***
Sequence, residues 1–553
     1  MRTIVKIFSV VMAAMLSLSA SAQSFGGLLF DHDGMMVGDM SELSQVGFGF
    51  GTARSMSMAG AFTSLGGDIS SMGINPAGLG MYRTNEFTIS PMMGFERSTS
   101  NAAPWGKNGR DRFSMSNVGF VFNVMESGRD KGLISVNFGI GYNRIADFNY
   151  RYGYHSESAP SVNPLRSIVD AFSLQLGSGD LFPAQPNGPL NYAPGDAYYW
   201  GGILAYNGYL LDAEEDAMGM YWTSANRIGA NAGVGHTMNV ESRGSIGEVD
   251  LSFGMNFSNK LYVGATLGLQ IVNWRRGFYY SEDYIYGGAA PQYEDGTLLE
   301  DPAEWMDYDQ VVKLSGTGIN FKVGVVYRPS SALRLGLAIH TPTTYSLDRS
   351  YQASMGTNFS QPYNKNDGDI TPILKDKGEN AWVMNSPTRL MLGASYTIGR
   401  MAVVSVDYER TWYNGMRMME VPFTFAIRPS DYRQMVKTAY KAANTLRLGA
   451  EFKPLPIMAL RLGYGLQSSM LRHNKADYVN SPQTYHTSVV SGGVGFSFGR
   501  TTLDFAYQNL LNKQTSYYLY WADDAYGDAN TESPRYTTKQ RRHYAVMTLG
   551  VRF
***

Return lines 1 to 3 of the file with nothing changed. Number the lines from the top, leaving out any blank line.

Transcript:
Sequence, residues 1–553
     1  MRTIVKIFSV VMAAMLSLSA SAQSFGGLLF DHDGMMVGDM SELSQVGFGF
    51  GTARSMSMAG AFTSLGGDIS SMGINPAGLG MYRTNEFTIS PMMGFERSTS